Labor Pressures Congress For Union Bill

Union leaders stepped up the pressure on Congress to take up legislation that could give a major boost to union membership, organized labor's top priority.

WASHINGTON (AP) -- Labor groups on Wednesday stepped up the pressure on Congress to take up legislation that could give a major boost to union membership, organized labor's top priority.

Union leaders brought hundreds of their rank-and-file members and petitions that they said held 1.5 million signatures to Capitol Hill for a rally in support of the Employee Free Choice Act, escalating an already intense fight over the controversial bill.

The legislation, fiercely opposed by the business community, would make it easier for workers to organize unions. It is expected to be introduced soon in the House, but the real fight would take place in the Senate, where it's unclear whether the measure has enough backing to break an anticipated filibuster.

"We want to put an end to the illegal firing of workers, to the harassment of workers, to the intimidation of workers" who try to form unions, United Steelworkers president Leo Gerard told cheering union members gathered in a park across the street from the Capitol.

At the same time, more than 50 members of the National Association of Manufacturers met with lawmakers to express their concerns that the bill would "hinder manufacturers' economic competitiveness and our ability to create jobs," said NAM president John Engler.

President Barack Obama signaled strong support for the measure during the presidential campaign. But with Obama primarily focused on an economic stimulus package, the White House has not given a clear signal on when it wants Congress to consider the bill.

"This is a bill that will be nothing less than a firestorm on Capitol Hill," said Randy Johnson, a spokesman for the U.S. Chamber of Commerce. "The chamber will oppose any compromise on the issue."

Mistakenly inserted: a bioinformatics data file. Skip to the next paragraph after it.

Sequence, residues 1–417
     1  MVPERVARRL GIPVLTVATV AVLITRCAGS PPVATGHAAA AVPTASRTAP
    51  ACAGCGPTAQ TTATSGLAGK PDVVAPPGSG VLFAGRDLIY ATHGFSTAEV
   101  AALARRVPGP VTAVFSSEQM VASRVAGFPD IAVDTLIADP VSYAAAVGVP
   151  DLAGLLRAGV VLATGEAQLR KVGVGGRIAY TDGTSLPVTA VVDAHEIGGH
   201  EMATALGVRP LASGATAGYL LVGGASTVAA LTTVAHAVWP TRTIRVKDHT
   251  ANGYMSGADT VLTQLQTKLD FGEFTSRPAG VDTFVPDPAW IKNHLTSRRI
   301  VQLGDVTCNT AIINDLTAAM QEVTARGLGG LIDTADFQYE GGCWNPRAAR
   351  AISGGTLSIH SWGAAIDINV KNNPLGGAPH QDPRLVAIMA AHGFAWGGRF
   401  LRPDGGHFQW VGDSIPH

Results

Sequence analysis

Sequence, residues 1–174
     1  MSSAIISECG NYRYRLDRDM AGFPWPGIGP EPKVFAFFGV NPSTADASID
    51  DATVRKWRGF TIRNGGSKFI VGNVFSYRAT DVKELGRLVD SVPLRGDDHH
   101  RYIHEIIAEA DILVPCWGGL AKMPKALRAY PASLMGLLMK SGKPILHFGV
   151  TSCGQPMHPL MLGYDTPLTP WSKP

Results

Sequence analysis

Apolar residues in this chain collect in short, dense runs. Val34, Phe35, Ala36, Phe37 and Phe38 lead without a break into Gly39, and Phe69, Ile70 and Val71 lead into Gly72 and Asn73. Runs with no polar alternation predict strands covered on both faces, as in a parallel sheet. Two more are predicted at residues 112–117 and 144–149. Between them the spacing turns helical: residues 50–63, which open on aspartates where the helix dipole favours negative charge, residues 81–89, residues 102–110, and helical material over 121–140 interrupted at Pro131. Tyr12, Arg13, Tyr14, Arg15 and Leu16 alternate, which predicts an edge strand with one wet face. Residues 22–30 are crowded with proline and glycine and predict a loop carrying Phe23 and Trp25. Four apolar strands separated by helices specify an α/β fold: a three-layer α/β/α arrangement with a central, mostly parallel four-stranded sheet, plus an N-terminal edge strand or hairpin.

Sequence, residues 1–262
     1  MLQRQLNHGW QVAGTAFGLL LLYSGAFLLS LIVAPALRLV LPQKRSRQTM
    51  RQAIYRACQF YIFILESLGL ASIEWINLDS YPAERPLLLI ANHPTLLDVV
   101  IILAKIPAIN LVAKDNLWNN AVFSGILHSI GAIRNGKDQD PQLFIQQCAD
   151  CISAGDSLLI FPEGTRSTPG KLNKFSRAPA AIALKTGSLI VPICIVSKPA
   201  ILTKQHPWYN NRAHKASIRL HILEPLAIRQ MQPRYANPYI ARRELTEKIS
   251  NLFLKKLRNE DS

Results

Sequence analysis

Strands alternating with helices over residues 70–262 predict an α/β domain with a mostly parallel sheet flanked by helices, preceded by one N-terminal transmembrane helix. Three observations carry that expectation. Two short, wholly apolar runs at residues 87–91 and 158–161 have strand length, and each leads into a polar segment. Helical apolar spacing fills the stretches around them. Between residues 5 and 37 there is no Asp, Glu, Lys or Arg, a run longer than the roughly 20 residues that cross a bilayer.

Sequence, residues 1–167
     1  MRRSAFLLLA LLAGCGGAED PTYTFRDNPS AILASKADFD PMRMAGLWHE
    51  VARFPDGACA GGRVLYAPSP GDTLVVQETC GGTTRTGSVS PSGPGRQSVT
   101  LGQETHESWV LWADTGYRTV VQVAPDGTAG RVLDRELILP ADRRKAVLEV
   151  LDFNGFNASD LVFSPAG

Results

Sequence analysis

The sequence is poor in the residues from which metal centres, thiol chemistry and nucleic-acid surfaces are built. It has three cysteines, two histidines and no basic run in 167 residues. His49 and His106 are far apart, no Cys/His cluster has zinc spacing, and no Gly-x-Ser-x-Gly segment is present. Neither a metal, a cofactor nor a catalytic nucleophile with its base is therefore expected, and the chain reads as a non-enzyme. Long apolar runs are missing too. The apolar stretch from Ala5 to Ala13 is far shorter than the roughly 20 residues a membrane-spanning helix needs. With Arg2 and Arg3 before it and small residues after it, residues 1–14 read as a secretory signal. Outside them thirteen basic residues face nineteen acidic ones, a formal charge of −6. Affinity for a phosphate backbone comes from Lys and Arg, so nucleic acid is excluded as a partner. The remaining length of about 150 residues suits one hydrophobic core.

Business groups have already spent millions attacking a key provision that would allow workers to organize a union by signing a card instead of holding secret-ballot elections. They say any change to the secret-ballot provision jeopardizes privacy rights and leaves workers open to union bullying.

Unions argue that under current rules, businesses can threaten or intimidate workers into voting against forming a union.

Besides the secret-ballot issue, Johnson said businesses are even more worried about a part of the bill that would force a new union and management into binding arbitration if they can't agree on a first contract within 120 days.

"This is nothing less than having two or three people who know very little about an employer's business actually tell that employer how to run (it)," Johnson said.

Labor officials, however, complain that even after a union is formed, employers can often use delaying tactics to prevent workers and management from reaching their first collective bargaining agreement. They argue that the legislation would reduce those delays and ensure that workers who succeed in forming a union actually get a contract.

At one point, unions hoped Obama would push the card-check legislation within his first 100 days in office, but the struggling economy and the wrangling over the stimulus package have forced labor into a holding pattern.

Vice President Joe Biden said in a CNBC interview last week that he expected the measure to come up this year. Sen. Tom Harkin, D-Iowa, said supporters of the bill would continue to press for passage "this year, not next year."

Anna Burger, chairwoman of the union federation Change to Win, said in an interview that while unions trust Obama and are not concerned about the delay, they won't stay on the sidelines.

"We want to be at the table to talk about the right time," Burger said. "We will keep the pressure to make sure that this is done at the right time."

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